Like the projects that excite them most, their backyard presented unique challenges — namely, a sloped area that created difficulty in placing the pool. Ultimately, they worked with that feature instead of around it.
“The pool is cut into a hill and raised above the grade, so the pool is partially out of the ground,” Mr. Paetzel explained. “You get a nice perspective when you’re standing on the pool patio, perched up, and there’s a drop-off on the outside of the pool, so we treated the pool wall with stone veneering.
“A lot of the aspects of the placement were definitely not easy or cost-effective, but the results seemed well worth it,” he added.
The Paetzels agreed that, as two designers with plenty of ideas, taking on their own home wasn’t always an easy collaboration. But when they did eventually come to agreements about certain design elements, they said, that gave them extra confidence that they’d made the right choice.
“It is a challenge, because each one of us may have what they think is a great idea,” Mr. Paetzel said. “But we’ve learned, I think, through experience that when it’s right, both of us are really excited about it. So it just takes some time and going back and forth to get there.”
The back-and-forth of collaboration that exists in any design project is something the Paetzels seem to have mastered, in both their personal project and those they do for others. According to their clients, they strike the right balance between listening to and respecting the desires and visions owners have for their property and suggesting ways to alter or elevate those ways of thinking.
Susan Akselrad hired Marshall Paetzel to do the landscape architecture at her home overlooking Peconic Bay in Cutchogue. She purchased the home five years ago and splits her time between the North Fork and New York City. The design was associated with a major renovation, an attempt to form a cohesive look between two lots that had been combined into one. The original landscape design was dated, Ms. Akselrad said, more typical of something that would have been done a quarter-century ago, very “commercial” in look. The family wanted something more in sync with nature, with the use of wildflowers and other elements that would more naturally blend in. The home has an open floor plan, a purposeful design meant to complement the fact that they love to entertain guests on the weekends. There are plenty of windows as well, meant to enhance views of the bay.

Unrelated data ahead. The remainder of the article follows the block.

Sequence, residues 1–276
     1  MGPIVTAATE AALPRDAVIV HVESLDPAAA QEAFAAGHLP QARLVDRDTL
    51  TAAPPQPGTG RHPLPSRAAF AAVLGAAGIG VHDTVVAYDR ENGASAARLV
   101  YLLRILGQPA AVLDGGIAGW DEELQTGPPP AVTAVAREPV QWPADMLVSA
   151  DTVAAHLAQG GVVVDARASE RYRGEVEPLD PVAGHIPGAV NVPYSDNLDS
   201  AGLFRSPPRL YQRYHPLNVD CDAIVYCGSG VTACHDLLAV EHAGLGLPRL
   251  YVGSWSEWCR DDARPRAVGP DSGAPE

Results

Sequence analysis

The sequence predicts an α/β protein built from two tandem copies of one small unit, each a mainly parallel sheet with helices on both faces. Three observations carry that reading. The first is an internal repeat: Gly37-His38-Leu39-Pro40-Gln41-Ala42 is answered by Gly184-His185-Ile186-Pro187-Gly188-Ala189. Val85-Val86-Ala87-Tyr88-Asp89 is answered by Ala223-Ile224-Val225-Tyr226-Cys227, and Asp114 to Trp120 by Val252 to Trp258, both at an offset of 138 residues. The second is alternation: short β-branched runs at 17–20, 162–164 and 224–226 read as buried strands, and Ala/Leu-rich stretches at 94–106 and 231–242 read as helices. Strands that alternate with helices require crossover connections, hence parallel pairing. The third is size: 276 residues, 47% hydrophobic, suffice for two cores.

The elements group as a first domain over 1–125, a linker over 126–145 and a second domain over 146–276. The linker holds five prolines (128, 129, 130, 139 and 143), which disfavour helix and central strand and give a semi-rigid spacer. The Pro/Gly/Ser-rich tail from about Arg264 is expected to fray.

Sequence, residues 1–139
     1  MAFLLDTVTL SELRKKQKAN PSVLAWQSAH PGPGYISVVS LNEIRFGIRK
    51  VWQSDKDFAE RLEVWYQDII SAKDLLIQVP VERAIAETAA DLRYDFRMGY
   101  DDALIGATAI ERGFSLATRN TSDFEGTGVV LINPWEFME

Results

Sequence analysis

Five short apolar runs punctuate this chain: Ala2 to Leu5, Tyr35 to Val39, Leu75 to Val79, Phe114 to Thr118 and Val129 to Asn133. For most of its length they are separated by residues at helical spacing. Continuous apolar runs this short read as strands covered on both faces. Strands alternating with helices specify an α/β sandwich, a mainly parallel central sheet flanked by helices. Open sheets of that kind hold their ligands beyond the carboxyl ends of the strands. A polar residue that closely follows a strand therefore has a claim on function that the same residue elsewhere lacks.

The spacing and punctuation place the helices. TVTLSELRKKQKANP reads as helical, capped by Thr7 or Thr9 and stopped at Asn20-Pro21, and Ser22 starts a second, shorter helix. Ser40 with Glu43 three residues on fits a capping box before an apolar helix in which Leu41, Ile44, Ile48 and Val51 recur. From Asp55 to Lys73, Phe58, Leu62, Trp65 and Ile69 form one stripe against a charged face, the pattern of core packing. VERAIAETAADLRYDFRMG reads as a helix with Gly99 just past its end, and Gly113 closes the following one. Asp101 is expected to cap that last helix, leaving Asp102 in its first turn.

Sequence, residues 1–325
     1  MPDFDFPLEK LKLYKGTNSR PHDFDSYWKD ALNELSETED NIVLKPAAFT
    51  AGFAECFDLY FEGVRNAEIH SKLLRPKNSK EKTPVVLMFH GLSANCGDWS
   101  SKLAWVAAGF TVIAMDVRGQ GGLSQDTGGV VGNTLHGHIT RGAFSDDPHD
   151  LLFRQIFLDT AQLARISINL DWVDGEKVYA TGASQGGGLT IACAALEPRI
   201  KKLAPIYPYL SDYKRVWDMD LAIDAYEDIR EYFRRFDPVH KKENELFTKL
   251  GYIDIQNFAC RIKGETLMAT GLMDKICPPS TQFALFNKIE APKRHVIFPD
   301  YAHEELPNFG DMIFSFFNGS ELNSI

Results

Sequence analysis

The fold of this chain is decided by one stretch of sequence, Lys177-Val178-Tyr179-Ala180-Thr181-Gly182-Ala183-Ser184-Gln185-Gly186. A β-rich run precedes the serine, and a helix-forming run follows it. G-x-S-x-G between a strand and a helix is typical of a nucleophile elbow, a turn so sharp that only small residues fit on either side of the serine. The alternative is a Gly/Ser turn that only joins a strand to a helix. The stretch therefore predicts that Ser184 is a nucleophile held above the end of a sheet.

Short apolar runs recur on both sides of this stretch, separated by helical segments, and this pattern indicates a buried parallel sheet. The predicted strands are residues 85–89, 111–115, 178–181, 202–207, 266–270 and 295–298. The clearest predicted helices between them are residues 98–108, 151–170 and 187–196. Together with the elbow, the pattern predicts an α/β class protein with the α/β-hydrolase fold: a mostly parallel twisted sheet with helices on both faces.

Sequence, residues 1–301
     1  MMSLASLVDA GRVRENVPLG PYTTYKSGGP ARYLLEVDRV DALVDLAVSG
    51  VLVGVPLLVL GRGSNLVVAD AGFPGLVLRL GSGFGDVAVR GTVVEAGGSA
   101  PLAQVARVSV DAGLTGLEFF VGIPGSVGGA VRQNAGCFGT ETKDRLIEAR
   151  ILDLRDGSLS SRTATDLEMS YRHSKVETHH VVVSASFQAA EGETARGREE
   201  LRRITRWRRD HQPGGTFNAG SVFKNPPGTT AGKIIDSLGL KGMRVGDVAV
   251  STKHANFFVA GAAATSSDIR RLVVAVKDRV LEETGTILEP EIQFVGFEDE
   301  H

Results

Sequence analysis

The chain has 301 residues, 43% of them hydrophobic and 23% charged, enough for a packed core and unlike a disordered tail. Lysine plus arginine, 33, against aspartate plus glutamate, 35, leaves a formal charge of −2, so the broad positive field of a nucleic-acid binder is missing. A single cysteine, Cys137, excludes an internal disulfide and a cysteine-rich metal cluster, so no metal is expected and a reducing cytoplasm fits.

“You’re looking out on the bay, and at the landscaping, so it’s meant to complement the water, which I think is the most important asset we have here, with the views,” Ms. Akselrad said.
She said she met with several other designers, but was drawn to Ms. Paetzel.
“She’s got a wonderful way of opening you up to new ideas,” Ms. Akselrad said.
“She listens. But she got her way ultimately,” she added with a laugh. “But they were just really terrific and responsive. With all the people we dealt with, they were the easiest and most approachable.”
Ms. Akselrad said Ms. Paetzel beautifully addressed one design challenge — the driveway and entryway to the house — coming up with a solution that was an improvement in terms of both function and aesthetic.
“Previously, there had been a circular driveway as you came up to the house, and Stacy correctly pointed out that if you have lots of people over, you end up with people blocked in and it causes a lot of confusion,” she said. “So she made a place to park cars off to the side, but in front of the house. It’s a cobblestone grid where the grass grows up between the blocks, but it makes it natural and easy for cars to come and go. It protects the grass that’s there, and the cobblestones sort of disappear. It’s almost like an outdoor chessboard.”
It was the kind of unorthodox thinking that has given Marshall Paetzel a stellar reputation, and Ms. Akselrad admitted she wasn’t sold on it right away. Once it was done, though, she said she couldn’t have been happier.
“They’re just great to work with,” she said.